Seth is one of the most influential writers in my life. My Dad gave me my first Seth book in college, Free Prize Inside! and my work has changed ever since that day. Tribes and Linchpin are my two favorites if you’re looking for one to start with.
When I heard Seth was speaking at Craft+Commerce it was literally a dream come true. It sounds a little silly, but hearing Seth speak in person is something I’ve tried to make happen several times before. For it to happen at a conference I was involved in was even better. Shout out to Barrett Brooks for making that happen!
On the day Seth spoke, a couple of hours before his keynote, I saw him finishing up a conversation with my new friend Austin, and I saddled up next to them. After Austin said goodbye, Seth turned to me and said “Hi! How are you today? You’re with ConvertKit right?”
I was floored. Seth continued…
I saw your picture on the team page. You’ve been on the team a while, correct? Really cool what you all are building, very special. I hope you enjoy the ride. This doesn’t happen often.
Wait, this isn’t how it goes… Seth isn’t supposed to know things about me. One of the best selling authors in the world doesn’t need to visit team pages and notice things about employees. He’s not supposed to initiate a conversation with me.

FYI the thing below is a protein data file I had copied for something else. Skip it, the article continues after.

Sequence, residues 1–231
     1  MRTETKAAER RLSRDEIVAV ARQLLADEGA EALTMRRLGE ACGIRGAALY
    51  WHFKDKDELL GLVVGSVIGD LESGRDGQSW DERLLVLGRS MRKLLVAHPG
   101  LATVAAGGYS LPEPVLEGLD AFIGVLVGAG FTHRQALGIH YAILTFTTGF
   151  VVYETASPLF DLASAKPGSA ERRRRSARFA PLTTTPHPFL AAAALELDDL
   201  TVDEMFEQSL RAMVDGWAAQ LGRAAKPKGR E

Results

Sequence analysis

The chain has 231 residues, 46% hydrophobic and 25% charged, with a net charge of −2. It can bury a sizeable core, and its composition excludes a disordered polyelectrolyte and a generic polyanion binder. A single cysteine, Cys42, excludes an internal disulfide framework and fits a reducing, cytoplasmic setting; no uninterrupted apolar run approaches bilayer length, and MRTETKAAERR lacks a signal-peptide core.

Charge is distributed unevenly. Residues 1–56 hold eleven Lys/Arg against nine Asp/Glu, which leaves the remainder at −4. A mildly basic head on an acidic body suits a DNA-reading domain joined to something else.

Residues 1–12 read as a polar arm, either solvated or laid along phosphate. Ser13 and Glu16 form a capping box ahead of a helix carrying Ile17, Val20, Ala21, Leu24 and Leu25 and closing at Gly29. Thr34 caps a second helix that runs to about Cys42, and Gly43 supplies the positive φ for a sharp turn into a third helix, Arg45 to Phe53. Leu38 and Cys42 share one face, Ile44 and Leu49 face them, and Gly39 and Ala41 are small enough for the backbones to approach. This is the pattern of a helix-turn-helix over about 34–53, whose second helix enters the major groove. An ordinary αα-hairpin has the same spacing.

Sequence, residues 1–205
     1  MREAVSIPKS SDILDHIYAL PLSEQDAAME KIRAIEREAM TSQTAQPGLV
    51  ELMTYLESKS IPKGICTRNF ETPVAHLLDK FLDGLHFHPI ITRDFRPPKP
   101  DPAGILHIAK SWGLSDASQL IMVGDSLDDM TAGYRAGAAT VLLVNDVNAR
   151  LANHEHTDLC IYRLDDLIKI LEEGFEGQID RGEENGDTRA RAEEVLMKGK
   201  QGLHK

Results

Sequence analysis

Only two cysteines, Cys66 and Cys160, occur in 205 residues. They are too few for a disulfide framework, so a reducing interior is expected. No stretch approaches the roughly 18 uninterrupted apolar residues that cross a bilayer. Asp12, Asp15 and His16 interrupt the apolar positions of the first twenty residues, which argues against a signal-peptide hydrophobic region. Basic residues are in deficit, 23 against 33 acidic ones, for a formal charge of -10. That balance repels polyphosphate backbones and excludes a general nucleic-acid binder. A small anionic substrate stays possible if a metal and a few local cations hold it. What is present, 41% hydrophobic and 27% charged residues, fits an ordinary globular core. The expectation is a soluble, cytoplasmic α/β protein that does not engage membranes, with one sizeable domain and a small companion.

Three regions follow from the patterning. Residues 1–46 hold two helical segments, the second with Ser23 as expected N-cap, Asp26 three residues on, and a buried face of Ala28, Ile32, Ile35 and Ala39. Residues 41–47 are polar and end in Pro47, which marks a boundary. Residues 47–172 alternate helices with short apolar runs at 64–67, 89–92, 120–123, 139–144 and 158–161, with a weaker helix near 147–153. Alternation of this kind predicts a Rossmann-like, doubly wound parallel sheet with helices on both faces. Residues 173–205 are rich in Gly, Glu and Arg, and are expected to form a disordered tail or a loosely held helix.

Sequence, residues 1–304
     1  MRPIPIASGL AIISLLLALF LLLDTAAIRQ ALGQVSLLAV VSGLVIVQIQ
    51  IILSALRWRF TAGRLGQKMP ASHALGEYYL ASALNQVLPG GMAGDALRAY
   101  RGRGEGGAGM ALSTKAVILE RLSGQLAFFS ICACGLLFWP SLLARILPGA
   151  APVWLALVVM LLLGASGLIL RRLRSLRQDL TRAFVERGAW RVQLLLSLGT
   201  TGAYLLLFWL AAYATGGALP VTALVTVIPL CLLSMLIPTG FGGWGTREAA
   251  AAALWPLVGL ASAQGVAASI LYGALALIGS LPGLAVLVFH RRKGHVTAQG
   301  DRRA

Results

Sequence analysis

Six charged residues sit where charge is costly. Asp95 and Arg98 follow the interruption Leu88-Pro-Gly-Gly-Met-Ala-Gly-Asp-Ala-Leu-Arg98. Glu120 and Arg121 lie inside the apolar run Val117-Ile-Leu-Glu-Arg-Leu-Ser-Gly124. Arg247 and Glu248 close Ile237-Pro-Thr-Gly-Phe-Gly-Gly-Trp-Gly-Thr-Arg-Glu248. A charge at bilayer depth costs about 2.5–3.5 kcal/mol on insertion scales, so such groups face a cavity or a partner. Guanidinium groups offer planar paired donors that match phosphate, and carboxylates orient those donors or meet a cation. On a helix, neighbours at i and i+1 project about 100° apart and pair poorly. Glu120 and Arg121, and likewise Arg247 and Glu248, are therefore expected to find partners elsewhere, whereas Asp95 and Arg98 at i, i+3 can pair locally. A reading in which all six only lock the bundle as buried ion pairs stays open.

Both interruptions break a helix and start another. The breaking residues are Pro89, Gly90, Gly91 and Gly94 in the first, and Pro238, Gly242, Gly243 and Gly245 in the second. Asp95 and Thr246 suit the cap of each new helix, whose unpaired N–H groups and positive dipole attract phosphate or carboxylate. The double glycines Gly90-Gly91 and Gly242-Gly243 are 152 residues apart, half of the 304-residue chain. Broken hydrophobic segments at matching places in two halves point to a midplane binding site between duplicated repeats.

I managed to get some words out, couldn’t help being a fanboy at this point! Even a week later, I’m struck by his attention to detail and the care he showed everyone there. I told him about my Dad and the first book, how we’ve always talked about new books when they came out.
Then Seth surprised me one more time, and said “Hey why don’t we take a picture for your Dad?”
I like to think I’m self aware enough to know when I’m being a little over-the-top, and this was one of those moments. Was it a bit silly to be this excited about meeting a writer? In the grand scheme of life, sure. But in my life, this was a big deal and I’m glad I embraced the moment (but not Seth, didn’t hug him).
We snapped a quick photo and Seth said goodbye. He delivered a great keynote and delivered on every expectation we had of him, which is really difficult!
Years ago I wrote Seth an email, and he wrote back to me. That’s a common story, Seth replies to lots of emails. Combine that with noticing something about my work and you have an uncommon man doing small, common things. I would never think that Seth Godin has time to do that, but it’s doing those things that has made him “Seth Godin”.
It’s easy to get stuck thinking that I’ve moved past small, common things myself in the pursuit of big things. But if Seth can notice small things that make a big impact on people, then I know I can also and should never stop.
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